All this presupposes there's a ready supply of labor, no union or societal forces pushing things along in the opposite direction, and the expectation of long-term employment (at least long enough for problems to arise).
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Old 12th March 2017, 04:19 AM   #67
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Originally Posted by SezMe View Post
I am sure you do - in the abstract. What if that very same data is used to reject your application? Especially if that rejection is based on data that is entirely irrelevant to the job. Bear in mind that you probably won't know if your DNA is a "good version" (your quotes).
I think you would know, and I am, in fact subject to a similar mechanism now. I have a felony conviction which serves as my own "mark of Cain." In practice, this means I have a barrier to entry to overcome - I need to accumulate enough positives to offset the negative.

Employers view a criminal history as indicating a higher future risk and all things being equal, it's enough to deny employment. I don't think I would be morally justified in concealing my background to avoid this, even when I believe I am the exception to the rule.
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Old 12th March 2017, 04:25 AM   #68
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Originally Posted by SezMe View Post
That word carries a lot of assumptions...or, maybe better, hides a lot of assumptions. Maybe the best employee to be hired is the daughter of the CEO, her actual qualifications can take the hindmost. We actually have this situation in the Federal government right now where hires are limited on the basis of their previous (non)support of the President.

If time is critical, maybe the best hire is someone whose pulse is above 30. For example, at Christmas time large department stores that offer wrapping will probably hire anyone who knows how to use scissors.

In short, I don't find your statement about "best" to be meaningful. When the word "absolutely" is added, I think you are making an unwarranted assumption.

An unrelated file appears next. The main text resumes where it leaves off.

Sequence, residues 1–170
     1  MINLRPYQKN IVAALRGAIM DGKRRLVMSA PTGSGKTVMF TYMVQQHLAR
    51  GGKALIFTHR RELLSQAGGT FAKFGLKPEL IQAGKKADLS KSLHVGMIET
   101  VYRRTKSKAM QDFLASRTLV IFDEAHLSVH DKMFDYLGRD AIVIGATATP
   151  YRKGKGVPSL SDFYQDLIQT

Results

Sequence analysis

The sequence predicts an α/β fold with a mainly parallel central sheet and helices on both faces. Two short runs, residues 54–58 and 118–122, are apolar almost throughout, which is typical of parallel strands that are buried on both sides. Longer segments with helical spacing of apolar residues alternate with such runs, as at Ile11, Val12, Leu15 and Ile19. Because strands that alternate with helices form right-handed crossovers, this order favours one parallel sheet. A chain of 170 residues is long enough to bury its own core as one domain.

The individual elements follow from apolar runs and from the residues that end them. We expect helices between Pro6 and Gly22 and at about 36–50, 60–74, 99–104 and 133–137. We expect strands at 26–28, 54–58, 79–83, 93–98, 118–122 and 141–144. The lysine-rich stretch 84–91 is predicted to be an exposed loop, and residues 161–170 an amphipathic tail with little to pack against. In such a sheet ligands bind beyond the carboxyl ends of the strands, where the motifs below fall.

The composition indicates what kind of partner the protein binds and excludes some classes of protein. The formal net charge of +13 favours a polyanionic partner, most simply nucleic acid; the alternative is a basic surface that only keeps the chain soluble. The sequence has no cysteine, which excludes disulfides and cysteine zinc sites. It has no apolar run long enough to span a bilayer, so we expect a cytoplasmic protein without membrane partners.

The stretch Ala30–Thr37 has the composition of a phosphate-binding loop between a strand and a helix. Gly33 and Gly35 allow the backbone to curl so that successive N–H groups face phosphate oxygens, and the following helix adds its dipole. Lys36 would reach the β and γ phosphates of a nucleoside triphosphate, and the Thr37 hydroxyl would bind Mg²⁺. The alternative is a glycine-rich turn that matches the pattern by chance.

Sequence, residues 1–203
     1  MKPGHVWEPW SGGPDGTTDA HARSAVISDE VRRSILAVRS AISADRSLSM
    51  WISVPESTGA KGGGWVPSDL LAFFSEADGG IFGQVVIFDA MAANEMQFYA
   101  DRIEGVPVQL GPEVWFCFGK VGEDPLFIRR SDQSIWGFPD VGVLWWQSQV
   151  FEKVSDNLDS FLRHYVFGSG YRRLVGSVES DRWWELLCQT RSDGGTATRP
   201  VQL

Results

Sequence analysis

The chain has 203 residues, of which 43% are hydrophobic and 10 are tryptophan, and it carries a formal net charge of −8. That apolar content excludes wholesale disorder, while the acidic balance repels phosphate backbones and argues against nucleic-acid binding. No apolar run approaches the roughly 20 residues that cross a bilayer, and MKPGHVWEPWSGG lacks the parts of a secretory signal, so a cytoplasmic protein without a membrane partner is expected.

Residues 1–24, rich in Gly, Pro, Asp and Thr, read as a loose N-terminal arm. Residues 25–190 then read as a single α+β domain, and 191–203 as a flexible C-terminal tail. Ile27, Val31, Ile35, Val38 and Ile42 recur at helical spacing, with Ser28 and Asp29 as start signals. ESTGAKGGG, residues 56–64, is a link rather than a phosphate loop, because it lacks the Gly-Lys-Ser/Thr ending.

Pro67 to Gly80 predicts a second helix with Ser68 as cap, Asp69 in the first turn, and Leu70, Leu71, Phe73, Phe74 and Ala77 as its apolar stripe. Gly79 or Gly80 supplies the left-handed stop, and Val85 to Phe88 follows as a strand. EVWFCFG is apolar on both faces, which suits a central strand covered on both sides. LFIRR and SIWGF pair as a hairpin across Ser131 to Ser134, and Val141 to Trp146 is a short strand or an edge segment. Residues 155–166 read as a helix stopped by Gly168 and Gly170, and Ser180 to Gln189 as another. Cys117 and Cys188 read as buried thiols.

Correct. I think the onus is on the employer to show relevance. If, as you say, the only real requirement for the job is knowing how to use scissors, the DNA testing doesn't make much sense.

The premise (if I recall correctly) was that employers who have to pay insurance costs would seek to limit future costs by trying to play the prediction market. If that's so, they have an incentive to get it right and figure out which characteristics (including DNA) are predictive statistically.

Situations (like UHC) where employers don't feel any healthcare burden wouldn't apply - unless there were some other incentive besides health revealed by DNA or other testing.
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Old 12th March 2017, 07:50 AM   #69
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Originally Posted by marplots View Post
That is an extremely dramatic example that clarifies the terrain nicely. But you ended with, "Without their consent" and that wasn't part of the package at all.

The bill being proposed, as I understand, would allow for financial penalties if employees participating in a company wellness program refuse to consent to a DNA profiling.

Now, technically, I suppose, that isn't the same as without their consent. But since the bill provides for that consent to be under duress (threat of financial penalty), then I don't see much practical difference.

I have a suspicion that you do, though.
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Old 12th March 2017, 08:30 AM   #70
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Originally Posted by marplots View Post
I think you would know, and I am, in fact subject to a similar mechanism now. I have a felony conviction which serves as my own "mark of Cain." In practice, this means I have a barrier to entry to overcome - I need to accumulate enough positives to offset the negative.

Employers view a criminal history as indicating a higher future risk and all things being equal, it's enough to deny employment. I don't think I would be morally justified in concealing my background to avoid this, even when I believe I am the exception to the rule.